Now that’s the type of game the Mariners will be thrilled to prevail in and the kind of series that can be a real confidence-builder for this team.
The Mariners held on to win 3-2 tonight in a game that saw both sides throw some serious pitching at one another, especially in the late going. For Seattle, this first series win in New York since 2010 gives them a 5-0-1 mark in series since that disastrous road trip to Texas and leaves them just one game under .500.
Michael Morse was the difference tonight with his 10th home run of the season — a solo shot in the sixth off Shawn Kelley — giving the Mariners a cushion they really needed late. Morse becomes the first Mariners player to reach double figures for home runs, something that didn’t happen for this team until June 2 of last year when Justin Smoak hit his 10th.
But tonight’s win was all about the bullpen, from the spot start by Hector Noesi to the relief work that came after.
Oliver Perez gets the win after logging three more strikeouts and pitching out of a key jam in the fifth with runners at the corners and only one out. You know Perez has to be happy with this victory, coming as it did in New York — a city that became a personal hell for him while he toiled with the Mets a couple of years back.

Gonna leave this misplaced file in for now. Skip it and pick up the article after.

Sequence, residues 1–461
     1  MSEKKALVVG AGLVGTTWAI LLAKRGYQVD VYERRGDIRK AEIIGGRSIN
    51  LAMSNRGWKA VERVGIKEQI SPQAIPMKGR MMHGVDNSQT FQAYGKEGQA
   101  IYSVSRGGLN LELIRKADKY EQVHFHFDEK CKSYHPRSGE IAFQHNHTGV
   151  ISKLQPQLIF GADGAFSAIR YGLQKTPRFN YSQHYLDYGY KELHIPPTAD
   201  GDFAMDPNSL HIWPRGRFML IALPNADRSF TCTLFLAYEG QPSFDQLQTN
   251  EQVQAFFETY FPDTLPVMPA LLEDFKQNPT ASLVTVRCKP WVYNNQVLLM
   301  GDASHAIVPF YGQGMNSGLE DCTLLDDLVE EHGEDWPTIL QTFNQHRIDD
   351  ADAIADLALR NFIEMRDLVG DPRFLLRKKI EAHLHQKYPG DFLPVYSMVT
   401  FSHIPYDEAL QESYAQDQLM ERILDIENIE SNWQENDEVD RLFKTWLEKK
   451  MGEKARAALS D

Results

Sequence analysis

This game had all the feel of a playoff contest at times. By the final few innings, both teams were making a plethora of mound changes and each at-bat took on added significance. Mariners fans, I’m sure, were holding their breath with each Carter Capps pitch in the seventh and eighth innings.
Capps was reaching 97 and 98 mph with consistency in both frames with the tying run in scoring position. He also did a great job of holding lead runner Curtis Granderson at second base while notching the second out, then did the same before striking out Ichiro on an 85 mph slider.
The pitch prior to that was a 97 mph fastball to Ichiro, so Capps was getting some serious differential pitch-to-pitch.
And then, in the end, the Mariners finally had a chance to use closer Tom Wilhelmsen in a save situation again. He’d gotten so rusty that the Mariners brought him in to mop up the ninth inning of Wednesday night’s 12-2 rout.
Wilhelmsen gave up a one-out single to Brett Gardner, who stole second and then third. But Wilhelmsen came back to strike out Jayson Nix and then got Robinson Cano to ground out to shortstop.
So, the Mariners take a series here in which they lost the game started by Felix Hernandez and came a few non-strike calls away from a sweep. The Yankees are not as strong offensively as in the past, to be sure. But they were also pretty hot coming into this series and had won seven of eight after taking the opener.
They aren’t hot any more.
Comments | More in postgame | Topics: tom wilhelmsen; hector noesi; oliver perez; carter capps